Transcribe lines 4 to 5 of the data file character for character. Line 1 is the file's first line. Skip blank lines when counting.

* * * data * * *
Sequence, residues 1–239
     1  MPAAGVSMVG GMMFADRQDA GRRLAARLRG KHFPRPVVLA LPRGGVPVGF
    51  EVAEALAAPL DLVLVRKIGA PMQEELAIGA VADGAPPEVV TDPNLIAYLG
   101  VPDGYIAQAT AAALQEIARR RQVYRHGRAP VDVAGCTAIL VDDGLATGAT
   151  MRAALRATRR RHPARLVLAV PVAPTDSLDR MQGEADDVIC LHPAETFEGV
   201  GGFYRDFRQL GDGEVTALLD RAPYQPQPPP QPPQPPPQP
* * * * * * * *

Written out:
   101  VPDGYIAQAT AAALQEIARR RQVYRHGRAP VDVAGCTAIL VDDGLATGAT
   151  MRAALRATRR RHPARLVLAV PVAPTDSLDR MQGEADDVIC LHPAETFEGV